You know by now that LeRoy Vann is competing to return punts and/or kickoffs for the 49ers this season. He has been sharing repetitions with Ted Ginn, Kyle Williams and Brandon Jones.
But Vann doesn’t want you to write him off as a cornerback just yet. Though he stands just 5-8½ and weighs 177 pounds, and though some analysts thought he’d be used at wide receiver in the NFL, the undrafted rookie from Florida A&M has looked capable at the corner during offseason practices. He seems to have a knack for being in the right place at the right time.
“I feel like since I came from a black college, and most everybody comes from the big D-I schools and whatnot, they’re not gonna look at my ability to play cornerback, because they feel like the talent is not as good as it is in D-I college,” Vann said recently. “But if you could play, you could play, and I know I could play cornerback, receiver… wherever they put me, I could play it.”
One thing you should know about LeRoy Vann: He is supremely confident. After working out for the Jacksonville Jaguars in March, he told Tallahassee.com: “If I get into the league by being on special teams, I’m going to be the best special-teams player ever to play the game.”
He’s the smallest guy in the locker room, and he comes from one of the smallest college programs. But Vann is no shrinking violent. He is a prolific tweeter, and a voluble presence in the locker room. Friday, he spent much of media-access time ragging on fellow rookie Anthony Dixon. Apparently, Vann had challenged Dixon to leap over a chair, and he was telling everyone who would listen that the running back had cleared the furniture with one leg while leaning the rest of his body to the side.
“A guy like LeRoy, you really have a better idea once you get in pads,” coach Mike Singletary said Friday. “He’s not the tallest guy, he’s not the biggest guy in the world, but he’s got a tremendous heart, I do know that. It’s just a matter of how it all works out. I just know he’s working his tail off. He’s a savvy kid, asks a lot of questions, he works hard. There’s a lot to work with there.”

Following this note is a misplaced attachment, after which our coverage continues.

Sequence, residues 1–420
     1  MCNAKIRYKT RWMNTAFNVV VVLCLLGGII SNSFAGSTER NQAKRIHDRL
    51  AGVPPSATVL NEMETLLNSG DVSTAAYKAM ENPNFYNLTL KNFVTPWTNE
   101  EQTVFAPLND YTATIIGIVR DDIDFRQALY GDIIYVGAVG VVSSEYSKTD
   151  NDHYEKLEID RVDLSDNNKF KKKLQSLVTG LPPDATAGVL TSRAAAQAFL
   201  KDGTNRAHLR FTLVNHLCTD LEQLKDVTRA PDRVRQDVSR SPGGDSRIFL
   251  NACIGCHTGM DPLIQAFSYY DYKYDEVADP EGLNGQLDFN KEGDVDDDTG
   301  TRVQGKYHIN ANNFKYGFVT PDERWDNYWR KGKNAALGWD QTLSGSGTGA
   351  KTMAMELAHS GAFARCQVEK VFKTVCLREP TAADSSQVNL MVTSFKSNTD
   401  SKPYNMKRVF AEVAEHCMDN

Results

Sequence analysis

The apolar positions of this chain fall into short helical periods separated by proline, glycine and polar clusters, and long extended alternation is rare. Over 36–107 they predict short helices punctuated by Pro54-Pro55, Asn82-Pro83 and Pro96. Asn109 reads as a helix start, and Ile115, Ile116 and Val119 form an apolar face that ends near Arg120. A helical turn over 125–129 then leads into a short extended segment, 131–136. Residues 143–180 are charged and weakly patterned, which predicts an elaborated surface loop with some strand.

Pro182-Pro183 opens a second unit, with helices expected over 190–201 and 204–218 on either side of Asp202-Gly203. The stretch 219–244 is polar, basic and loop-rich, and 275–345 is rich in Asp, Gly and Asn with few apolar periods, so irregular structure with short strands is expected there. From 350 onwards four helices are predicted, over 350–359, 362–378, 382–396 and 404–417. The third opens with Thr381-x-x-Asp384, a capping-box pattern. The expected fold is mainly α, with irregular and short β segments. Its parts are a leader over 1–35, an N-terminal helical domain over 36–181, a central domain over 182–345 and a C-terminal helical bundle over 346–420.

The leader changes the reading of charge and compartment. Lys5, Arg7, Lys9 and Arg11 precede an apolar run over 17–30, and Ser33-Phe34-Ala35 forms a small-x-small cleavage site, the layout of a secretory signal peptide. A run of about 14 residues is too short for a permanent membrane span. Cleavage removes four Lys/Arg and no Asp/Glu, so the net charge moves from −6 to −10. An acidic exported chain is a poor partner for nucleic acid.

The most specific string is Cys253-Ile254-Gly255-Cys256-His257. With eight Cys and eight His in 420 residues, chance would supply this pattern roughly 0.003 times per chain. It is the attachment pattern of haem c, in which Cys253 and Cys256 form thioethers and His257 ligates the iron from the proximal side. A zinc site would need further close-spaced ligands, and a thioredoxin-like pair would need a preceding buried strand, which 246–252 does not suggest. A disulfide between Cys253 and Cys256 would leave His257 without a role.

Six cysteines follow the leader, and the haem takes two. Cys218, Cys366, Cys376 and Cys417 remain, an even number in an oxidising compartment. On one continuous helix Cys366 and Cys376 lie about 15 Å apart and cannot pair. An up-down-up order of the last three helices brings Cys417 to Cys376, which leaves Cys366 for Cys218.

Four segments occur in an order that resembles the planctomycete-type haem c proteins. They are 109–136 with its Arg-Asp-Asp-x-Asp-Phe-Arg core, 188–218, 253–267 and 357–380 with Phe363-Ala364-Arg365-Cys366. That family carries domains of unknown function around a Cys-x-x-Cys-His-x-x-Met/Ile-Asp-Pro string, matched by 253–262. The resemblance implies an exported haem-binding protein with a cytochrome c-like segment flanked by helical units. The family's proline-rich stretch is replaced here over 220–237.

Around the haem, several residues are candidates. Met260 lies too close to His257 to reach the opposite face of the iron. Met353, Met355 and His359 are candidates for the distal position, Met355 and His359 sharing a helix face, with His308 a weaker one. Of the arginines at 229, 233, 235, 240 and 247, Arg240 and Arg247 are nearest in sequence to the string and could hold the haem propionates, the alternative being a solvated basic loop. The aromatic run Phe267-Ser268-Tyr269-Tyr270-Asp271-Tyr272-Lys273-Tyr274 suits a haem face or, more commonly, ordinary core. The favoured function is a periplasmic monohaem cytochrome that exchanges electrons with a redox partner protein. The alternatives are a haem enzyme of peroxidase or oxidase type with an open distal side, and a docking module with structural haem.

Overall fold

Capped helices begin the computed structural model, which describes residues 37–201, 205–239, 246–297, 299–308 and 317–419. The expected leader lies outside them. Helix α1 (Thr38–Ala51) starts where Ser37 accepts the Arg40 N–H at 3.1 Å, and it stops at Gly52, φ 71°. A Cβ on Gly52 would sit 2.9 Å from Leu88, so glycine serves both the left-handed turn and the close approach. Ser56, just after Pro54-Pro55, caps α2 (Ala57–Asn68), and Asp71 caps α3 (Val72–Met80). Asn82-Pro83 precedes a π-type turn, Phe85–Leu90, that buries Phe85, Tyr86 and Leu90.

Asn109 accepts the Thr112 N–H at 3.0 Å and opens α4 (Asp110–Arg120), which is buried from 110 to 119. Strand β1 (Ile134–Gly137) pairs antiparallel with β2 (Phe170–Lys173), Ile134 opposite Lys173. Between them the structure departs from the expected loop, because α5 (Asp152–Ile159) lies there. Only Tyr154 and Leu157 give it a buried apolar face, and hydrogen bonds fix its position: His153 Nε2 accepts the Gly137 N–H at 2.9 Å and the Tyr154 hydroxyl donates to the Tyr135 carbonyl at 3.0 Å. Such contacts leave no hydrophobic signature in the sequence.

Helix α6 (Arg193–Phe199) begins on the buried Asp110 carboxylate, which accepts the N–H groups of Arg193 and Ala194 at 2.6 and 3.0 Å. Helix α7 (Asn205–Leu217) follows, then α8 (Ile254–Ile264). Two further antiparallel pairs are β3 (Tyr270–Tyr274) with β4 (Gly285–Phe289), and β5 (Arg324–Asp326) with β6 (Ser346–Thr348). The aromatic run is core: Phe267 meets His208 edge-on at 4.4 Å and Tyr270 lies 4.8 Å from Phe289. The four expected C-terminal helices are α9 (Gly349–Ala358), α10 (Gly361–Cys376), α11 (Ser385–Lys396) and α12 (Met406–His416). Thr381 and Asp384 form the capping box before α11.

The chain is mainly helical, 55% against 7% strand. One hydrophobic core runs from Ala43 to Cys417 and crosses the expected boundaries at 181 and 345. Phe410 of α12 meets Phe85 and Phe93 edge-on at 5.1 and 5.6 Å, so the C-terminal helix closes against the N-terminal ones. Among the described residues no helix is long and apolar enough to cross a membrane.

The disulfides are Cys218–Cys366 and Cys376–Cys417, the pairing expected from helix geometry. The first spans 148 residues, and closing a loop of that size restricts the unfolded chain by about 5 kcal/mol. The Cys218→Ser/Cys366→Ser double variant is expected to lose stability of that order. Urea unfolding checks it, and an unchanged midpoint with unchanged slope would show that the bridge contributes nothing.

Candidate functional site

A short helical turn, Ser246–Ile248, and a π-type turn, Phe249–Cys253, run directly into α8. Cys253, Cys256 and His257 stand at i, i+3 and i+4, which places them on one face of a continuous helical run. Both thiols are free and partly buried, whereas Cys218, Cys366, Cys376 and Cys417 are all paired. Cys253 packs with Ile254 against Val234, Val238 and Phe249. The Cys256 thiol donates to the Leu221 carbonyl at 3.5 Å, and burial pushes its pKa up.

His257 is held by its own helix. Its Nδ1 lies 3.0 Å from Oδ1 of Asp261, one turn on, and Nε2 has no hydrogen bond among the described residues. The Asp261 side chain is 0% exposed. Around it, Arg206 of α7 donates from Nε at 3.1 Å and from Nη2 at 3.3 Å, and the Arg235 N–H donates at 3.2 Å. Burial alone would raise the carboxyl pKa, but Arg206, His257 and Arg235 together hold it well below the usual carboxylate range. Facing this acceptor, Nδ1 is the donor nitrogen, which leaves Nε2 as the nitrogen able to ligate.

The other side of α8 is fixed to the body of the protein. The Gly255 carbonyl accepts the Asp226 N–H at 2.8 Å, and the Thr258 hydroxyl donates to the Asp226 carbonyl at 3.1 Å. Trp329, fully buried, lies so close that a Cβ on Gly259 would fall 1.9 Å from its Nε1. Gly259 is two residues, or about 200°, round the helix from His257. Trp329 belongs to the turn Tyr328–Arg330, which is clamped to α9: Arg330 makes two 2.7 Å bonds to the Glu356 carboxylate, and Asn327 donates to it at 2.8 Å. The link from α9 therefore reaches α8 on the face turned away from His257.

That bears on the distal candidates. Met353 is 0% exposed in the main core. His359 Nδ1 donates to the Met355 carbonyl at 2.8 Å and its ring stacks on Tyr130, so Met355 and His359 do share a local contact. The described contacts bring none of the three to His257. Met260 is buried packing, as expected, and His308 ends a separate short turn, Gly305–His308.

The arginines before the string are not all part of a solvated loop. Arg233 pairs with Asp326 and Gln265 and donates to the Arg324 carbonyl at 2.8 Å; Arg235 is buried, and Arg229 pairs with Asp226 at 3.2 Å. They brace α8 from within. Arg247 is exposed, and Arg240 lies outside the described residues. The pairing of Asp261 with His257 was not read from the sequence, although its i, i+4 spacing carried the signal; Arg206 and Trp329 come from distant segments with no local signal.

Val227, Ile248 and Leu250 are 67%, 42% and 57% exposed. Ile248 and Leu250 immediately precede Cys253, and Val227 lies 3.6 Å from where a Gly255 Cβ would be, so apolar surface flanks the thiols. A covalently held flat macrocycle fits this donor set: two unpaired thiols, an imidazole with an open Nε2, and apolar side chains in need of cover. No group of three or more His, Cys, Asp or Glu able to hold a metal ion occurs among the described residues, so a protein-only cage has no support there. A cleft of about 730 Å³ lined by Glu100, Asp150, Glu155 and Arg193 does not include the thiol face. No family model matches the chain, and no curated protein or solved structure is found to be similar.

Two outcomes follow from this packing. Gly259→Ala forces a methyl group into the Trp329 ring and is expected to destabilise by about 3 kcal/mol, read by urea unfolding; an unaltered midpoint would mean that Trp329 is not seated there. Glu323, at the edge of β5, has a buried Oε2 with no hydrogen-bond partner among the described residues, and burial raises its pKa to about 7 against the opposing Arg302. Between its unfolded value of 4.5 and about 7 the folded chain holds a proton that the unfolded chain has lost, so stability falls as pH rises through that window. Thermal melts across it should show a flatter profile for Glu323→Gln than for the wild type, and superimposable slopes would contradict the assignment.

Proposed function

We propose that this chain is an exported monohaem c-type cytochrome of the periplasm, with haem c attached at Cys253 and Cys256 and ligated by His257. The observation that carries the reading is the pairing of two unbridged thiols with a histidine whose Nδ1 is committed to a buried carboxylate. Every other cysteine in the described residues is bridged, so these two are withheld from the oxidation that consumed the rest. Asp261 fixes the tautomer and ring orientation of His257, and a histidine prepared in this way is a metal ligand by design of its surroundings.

To get a crack at playing cornerback, Vann will probably have to edge past the other kick returners. He certainly has a shot. He set an NCAA record with 11 combined kick returns for touchdowns, and is one of only five Football Championship Subdivision players to return both punts and kickoffs for at least 1,000 yards each. As a senior he averaged 20.2 yards on punt returns and scored five times.
Right now, no one really knows what he can do in the NFL. The 49ers haven’t tackled during the offseason, so the kick returners have been limited to catching the ball and running through empty space. At least Vann believes he has the ball-security thing down.
“I didn’t start punt returns and kick returns until my junior season,” he said. “So I didn’t start punt returning until, I think, like the fifth game of the season my junior year. And I didn’t know how to catch the punt. I used to catch the punt with my hands, like a receiver catching. Then I started standing out there, catching off the Jugs machine and the punter kicking to me, and started learning to catch it. And in the summertime going into our senior year, I used to take more than a hundred balls a day, and then I got real good at it. So I feel confident.”
Hey, when doesn’t he? Self esteem alone won’t get Vann a roster spot, but it certainly won’t be a hindrance when the action becomes meaningful.
“When the time comes, when it’s first preseason game and when it’s time for competition, everyone gonna show what they can do,” he said.